Beginning skaters experience various problems due to the configuration of conventional skates. For advanced or elite skaters, with the increased demands of jumping, these problems are multiplied. Jumps require greater ankle support as a result; advanced skaters wear prior art skates with several layers of leather and padding around the ankle between these layers. This increases stiffness of the skates and increases their weight. The stiffness provides ankle support, but decreases forward bendability and shock absorption. Upon landing jumps, prior art figure skates do not have any shock absorption qualities other than cushioning on the inside of the boot.
Heel 18 on boot 12 can cause retrocalcaneal bursitis (also known as “pump bumps” or Haglund's deformity), shin splints, bunions, hammer toes, ankle and lower calf tendonitis, back and hip pain, instances of enlarged navicular bone in the arch potentially leading to collapsed arches, knee tracking problems, and arthritis.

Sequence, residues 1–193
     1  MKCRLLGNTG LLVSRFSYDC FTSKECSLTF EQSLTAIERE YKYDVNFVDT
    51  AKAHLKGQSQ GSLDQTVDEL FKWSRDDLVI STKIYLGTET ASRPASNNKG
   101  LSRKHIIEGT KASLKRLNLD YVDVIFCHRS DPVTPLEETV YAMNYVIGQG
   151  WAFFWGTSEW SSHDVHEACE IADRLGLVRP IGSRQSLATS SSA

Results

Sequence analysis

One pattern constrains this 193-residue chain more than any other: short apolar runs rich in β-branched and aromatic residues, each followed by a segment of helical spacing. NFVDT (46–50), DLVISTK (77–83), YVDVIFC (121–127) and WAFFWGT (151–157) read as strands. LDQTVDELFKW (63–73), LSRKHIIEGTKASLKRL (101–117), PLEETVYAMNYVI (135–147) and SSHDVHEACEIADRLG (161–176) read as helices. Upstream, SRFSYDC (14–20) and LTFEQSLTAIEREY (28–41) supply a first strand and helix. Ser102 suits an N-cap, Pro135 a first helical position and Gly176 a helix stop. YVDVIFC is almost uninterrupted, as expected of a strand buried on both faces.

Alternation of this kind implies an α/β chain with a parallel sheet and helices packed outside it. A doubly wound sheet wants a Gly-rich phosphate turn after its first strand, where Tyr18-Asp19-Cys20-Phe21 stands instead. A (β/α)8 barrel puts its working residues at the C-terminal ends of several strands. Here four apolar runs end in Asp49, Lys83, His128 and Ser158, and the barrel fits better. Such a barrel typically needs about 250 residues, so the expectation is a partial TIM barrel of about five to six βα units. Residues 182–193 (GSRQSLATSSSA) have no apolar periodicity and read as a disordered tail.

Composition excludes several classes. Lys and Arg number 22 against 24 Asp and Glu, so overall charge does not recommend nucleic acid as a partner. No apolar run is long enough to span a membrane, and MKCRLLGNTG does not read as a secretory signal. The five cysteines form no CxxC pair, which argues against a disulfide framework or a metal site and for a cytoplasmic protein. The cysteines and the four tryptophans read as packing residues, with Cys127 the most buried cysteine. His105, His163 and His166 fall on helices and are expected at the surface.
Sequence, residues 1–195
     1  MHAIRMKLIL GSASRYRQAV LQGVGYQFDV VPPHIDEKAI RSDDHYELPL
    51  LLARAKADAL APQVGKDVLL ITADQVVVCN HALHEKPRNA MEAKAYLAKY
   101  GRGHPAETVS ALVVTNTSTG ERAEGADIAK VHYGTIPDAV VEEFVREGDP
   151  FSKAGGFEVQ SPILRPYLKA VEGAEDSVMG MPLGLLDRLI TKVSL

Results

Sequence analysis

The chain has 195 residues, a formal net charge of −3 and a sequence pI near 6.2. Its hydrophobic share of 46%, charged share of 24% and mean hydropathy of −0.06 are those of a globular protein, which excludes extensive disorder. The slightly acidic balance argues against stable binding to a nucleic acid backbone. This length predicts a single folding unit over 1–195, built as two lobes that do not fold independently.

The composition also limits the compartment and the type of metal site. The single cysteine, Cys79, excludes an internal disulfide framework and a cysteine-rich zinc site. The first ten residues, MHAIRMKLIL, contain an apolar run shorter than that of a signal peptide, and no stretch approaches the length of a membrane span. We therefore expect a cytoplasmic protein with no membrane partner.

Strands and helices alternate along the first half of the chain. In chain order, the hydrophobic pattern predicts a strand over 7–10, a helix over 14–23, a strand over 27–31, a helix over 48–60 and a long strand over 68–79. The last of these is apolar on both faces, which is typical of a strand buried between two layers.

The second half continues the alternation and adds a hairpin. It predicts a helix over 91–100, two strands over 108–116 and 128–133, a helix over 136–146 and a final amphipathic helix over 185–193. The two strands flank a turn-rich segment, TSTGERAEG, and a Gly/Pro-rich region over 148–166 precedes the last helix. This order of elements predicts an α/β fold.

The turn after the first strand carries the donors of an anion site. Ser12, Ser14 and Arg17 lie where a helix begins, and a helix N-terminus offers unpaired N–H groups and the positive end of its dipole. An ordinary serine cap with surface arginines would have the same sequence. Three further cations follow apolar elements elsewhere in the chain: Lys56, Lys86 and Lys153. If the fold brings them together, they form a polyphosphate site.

In addition, the prior art skates are heavy, weighing up to six pounds each. Thus, these skates require skaters to have the endurance and strength to jump lifting this additional weight. Prior art blades weigh from about 4.5 ounces to about 7 ounces. Furthermore, since leather absorbs water, the weight of the skates increases with wear. If the weight is more than 5% of the skater's weight, it could potentially increase the skater's risk of injury.
Rust and leather rot are also common with conventional figure skates. These conditions lead to disintegration of the blade and boot, which decreases the life of both.
A lot of maintenance is necessary to maintain these skates in good working order. For example, these skates must be dried thoroughly inside and out after each use, stored in a place with good air circulation, the leather soles must be waxed, and the uppers must be waxed or polished. In addition, the soles must be frequently inspected for rot, screws must be replaced, hole damage repaired, and the blades must be sharpened. It is desirable to reduce the amount of maintenance necessary to keep skates in good working order.